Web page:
This Week in Sex: 9.10.99

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This Week in Sex   
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September 4–10, 1999

Next Time, Maybe Use a Lubricant?

Chances are, you’ve bought condoms at least once in your life. And you probably remember the flush of embarrassment that first accompanied (or perhaps still accompanies) this act. But not like this. Never like this.


In Cadiz, a beach town in southern Spain, an unidentified 23-year-old man was getting it on with his girlfriend when he suddenly realized (and isn’t it always so suddenly?) that neither of them had a condom. According to a report this week in the Spanish newspaper El Mundo, the young lovebirds hunted down the nearest pharmacy and deposited a few coins in the condom vending machine out front. When the machine jammed and nothing came out, the man pounded on the machine in frustration and shoved his hand into the opening to retrieve his prophylactic. Unfortunately, two of his fingers got stuck inside, and as a result, the couple was stuck outside — captives of the condom dispenser for the next four hours. While the girl tried in vain to free him — eventually she had to call in the fire department — her boyfriend was subjected to a barrage of humiliating comments from passers-by. Meanies.

Oh Yeah? Tell It to the Spanish Guy

As awkward as buying condoms can be, it’s nothing compared to using them for the first time with a new partner. Now that’s tricky.


For years, the subject of safe sex has been a source of insecurity for new couples, and studies have suggested that many people are afraid to bring up condoms for fear that their partner will think they have a sexually transmitted disease. But researchers from the University of Georgia at Athens say they now have evidence that shows that insisting on safe sex doesn’t send a negative message at all; in fact, it does just the opposite.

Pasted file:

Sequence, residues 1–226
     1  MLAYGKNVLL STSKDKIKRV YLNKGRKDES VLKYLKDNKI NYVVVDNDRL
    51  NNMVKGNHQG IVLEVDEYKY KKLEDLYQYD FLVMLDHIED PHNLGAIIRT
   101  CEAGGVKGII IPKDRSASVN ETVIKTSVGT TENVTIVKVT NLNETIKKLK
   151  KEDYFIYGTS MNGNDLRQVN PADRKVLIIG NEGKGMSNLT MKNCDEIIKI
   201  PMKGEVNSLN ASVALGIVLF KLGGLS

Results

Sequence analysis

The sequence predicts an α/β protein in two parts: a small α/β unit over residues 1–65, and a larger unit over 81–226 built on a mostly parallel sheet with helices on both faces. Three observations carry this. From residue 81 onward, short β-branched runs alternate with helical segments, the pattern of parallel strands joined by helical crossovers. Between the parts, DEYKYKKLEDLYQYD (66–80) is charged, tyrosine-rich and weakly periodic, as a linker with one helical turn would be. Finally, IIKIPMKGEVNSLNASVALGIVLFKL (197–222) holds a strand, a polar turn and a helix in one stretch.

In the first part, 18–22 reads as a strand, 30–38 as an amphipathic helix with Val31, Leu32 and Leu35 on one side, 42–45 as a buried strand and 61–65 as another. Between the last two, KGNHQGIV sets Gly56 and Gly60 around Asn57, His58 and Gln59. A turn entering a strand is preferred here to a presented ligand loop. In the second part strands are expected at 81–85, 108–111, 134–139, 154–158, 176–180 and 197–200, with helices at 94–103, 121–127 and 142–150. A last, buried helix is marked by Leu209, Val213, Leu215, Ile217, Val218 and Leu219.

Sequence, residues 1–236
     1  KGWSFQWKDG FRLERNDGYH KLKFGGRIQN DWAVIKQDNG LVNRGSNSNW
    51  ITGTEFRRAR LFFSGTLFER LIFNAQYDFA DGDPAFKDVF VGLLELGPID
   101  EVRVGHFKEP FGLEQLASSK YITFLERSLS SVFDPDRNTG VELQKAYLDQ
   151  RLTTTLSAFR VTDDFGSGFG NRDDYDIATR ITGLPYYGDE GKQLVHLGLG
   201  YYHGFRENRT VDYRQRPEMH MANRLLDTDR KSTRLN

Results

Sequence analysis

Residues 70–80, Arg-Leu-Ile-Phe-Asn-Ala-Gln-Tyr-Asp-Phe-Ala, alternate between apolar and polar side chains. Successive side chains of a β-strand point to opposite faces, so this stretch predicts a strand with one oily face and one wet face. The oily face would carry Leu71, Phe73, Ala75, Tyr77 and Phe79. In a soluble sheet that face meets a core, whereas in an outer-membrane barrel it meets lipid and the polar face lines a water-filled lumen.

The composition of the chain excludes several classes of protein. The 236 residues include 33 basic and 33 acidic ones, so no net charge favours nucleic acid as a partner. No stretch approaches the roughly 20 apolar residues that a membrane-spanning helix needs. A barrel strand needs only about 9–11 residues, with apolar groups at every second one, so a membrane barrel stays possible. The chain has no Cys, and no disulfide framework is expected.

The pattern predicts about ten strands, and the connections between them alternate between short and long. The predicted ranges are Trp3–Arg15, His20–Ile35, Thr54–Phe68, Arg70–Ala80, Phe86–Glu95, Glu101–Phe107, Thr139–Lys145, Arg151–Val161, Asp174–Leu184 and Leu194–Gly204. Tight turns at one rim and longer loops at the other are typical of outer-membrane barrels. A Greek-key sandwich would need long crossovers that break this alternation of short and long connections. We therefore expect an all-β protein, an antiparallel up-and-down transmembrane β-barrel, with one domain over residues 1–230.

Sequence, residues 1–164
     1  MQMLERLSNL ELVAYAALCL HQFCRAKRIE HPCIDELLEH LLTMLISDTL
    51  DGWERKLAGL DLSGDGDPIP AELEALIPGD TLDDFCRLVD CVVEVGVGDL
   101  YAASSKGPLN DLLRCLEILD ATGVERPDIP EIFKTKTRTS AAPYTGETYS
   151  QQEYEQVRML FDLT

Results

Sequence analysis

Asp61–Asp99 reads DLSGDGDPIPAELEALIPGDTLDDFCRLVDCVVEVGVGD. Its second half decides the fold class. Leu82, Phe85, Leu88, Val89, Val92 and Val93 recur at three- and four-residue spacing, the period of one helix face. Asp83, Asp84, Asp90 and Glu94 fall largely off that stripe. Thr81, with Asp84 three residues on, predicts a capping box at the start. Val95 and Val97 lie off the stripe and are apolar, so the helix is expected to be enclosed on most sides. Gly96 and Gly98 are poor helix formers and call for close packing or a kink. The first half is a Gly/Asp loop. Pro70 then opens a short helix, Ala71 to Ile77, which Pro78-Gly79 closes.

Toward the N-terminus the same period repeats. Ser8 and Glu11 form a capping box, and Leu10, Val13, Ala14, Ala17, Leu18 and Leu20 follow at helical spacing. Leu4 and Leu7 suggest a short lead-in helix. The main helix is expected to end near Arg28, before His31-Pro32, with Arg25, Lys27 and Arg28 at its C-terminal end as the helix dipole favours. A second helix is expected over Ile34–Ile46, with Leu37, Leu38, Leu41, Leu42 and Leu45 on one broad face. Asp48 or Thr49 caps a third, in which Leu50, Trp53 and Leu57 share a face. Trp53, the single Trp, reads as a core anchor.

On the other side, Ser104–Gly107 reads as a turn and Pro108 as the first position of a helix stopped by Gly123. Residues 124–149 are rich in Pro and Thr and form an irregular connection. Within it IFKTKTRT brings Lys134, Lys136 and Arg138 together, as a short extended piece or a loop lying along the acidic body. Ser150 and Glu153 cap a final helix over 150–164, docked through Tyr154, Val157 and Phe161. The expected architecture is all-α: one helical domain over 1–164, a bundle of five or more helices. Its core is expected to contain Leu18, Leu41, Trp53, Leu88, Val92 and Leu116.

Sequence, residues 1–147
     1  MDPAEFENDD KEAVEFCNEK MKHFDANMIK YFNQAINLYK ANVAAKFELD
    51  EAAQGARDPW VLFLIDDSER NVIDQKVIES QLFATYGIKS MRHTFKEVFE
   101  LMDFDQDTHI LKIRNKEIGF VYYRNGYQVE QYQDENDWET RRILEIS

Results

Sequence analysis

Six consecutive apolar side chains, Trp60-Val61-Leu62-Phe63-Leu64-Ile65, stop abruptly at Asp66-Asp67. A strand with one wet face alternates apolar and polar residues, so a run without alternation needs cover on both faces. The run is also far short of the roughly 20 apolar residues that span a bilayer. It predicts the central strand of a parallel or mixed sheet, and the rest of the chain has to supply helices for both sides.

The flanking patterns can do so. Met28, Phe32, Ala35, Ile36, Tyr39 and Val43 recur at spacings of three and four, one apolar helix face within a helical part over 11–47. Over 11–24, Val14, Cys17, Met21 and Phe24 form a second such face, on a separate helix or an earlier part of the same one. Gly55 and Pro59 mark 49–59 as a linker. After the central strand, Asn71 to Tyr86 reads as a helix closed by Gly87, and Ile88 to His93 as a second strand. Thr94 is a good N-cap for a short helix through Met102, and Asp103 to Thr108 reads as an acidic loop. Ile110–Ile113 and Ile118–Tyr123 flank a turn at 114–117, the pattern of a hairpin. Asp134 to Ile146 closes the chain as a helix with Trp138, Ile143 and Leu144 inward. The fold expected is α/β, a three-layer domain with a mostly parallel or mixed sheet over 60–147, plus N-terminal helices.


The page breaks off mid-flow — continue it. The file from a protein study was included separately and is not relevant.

In their study, the researchers had 268 college students role-play a situation where they were about to have sex with a new partner of the opposite sex. Some students were instructed to insist on condom use; others were told to refuse it. The result? “If you insist on the use of condoms, your partner will like you better,” says doctoral student and study researcher Don Turk. Now, the study’s not perfect; researchers acknowledge that people’s behavior may vary in different situations, such as one-night stands or same-sex encounters. And of course, if your hand gets stuck in the condom machine, all bets are off.

Bad News for Fans of the Female Condom

Apparently, sex with a condom is not necessarily safe sex — at least, not when the condom’s designed for a woman. According to a new study out of Atlanta (they sure do spend a lot of time researching condoms in Georgia), use of the female condom corresponds to a relatively high rate of semen exposure — as much as 22 percent. Researchers from the Center for Disease Control and Prevention say that this correlation — which raises questions about the female condom’s effectiveness in fighting HIV and other STDs — can be attributed to mechanical problems with the condom 59 percent of the time. Unfortunately, that means that 41 percent of the reported semen exposures in the study came when there were no apparent signs of condom failure.

And Now for Something Completely Condom-Free

Polly wants a cracker, nothing more. And that’s the problem.


According to a report in the Times of London, the New Zealand kakapo — a flightless, nocturnal parrot — is stumbling toward extinction, the victim of a diminished sex drive among the females of the species, who are more concerned with eating than with breeding. Now, with fewer than a hundred kakapos left in existence, biologists at the University of Mississippi are considering using a relative of Viagra — delivered via an epidermal patch — to stimulate the female kakapo and encourage breeding.


Male kakapos are unanimously behind the plan.

Quotes of the Week

“Anyone who knows me knows I’m a prude. I had to say the word ‘pussy’ in the pilot, and it took me weeks to prepare. I don’t use the F-word. These are just not things that I say.”

Sex in the City star Sarah Jessica Parker, in an upcoming Redbook interview.

“There is a lot of revealing of body parts. [Women] flash me a left one. Which . . . I have to say, I am not mad. A brother is not upset at all. I take no offense.”

— Gracious soul singer Maxwell, on the behavior of female fans at his concerts.

“Being an actor in my milieu was regarded as a slightly sissy profession. My father actually thought I was telling him I was gay.”

Michael Caine, 66, on coming out as a thespian to his parents when he was a young man.

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©1999 Dan Reines and